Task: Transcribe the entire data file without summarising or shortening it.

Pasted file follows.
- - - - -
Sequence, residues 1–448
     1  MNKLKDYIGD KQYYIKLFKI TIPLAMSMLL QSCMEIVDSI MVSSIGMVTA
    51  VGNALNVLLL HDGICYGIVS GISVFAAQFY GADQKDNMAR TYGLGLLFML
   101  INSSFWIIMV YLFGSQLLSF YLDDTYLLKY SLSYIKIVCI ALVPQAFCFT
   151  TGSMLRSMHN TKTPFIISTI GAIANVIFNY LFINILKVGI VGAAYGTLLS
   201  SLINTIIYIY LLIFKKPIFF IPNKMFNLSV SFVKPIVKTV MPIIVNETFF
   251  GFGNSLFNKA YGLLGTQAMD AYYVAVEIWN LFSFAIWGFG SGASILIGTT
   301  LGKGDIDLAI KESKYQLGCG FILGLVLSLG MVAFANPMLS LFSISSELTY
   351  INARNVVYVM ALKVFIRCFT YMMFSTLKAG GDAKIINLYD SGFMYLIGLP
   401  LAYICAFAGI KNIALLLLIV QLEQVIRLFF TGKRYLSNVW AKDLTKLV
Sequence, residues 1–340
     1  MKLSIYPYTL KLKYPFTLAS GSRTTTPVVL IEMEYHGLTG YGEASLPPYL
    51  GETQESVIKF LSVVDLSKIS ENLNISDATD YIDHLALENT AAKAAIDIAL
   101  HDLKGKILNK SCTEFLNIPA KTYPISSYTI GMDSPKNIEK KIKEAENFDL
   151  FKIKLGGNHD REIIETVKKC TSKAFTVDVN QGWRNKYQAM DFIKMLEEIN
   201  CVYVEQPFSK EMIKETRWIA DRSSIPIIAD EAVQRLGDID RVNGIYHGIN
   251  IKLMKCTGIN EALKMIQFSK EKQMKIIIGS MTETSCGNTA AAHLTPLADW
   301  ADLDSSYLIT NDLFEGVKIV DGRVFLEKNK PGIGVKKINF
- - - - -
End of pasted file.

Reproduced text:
Sequence, residues 1–448
     1  MNKLKDYIGD KQYYIKLFKI TIPLAMSMLL QSCMEIVDSI MVSSIGMVTA
    51  VGNALNVLLL HDGICYGIVS GISVFAAQFY GADQKDNMAR TYGLGLLFML
   101  INSSFWIIMV YLFGSQLLSF YLDDTYLLKY SLSYIKIVCI ALVPQAFCFT
   151  TGSMLRSMHN TKTPFIISTI GAIANVIFNY LFINILKVGI VGAAYGTLLS
   201  SLINTIIYIY LLIFKKPIFF IPNKMFNLSV SFVKPIVKTV MPIIVNETFF
   251  GFGNSLFNKA YGLLGTQAMD AYYVAVEIWN LFSFAIWGFG SGASILIGTT
   301  LGKGDIDLAI KESKYQLGCG FILGLVLSLG MVAFANPMLS LFSISSELTY
   351  INARNVVYVM ALKVFIRCFT YMMFSTLKAG GDAKIINLYD SGFMYLIGLP
   401  LAYICAFAGI KNIALLLLIV QLEQVIRLFF TGKRYLSNVW AKDLTKLV
Sequence, residues 1–340
     1  MKLSIYPYTL KLKYPFTLAS GSRTTTPVVL IEMEYHGLTG YGEASLPPYL
    51  GETQESVIKF LSVVDLSKIS ENLNISDATD YIDHLALENT AAKAAIDIAL
   101  HDLKGKILNK SCTEFLNIPA KTYPISSYTI GMDSPKNIEK KIKEAENFDL
   151  FKIKLGGNHD REIIETVKKC TSKAFTVDVN QGWRNKYQAM DFIKMLEEIN
   201  CVYVEQPFSK EMIKETRWIA DRSSIPIIAD EAVQRLGDID RVNGIYHGIN
   251  IKLMKCTGIN EALKMIQFSK EKQMKIIIGS MTETSCGNTA AAHLTPLADW
   301  ADLDSSYLIT NDLFEGVKIV DGRVFLEKNK PGIGVKKINF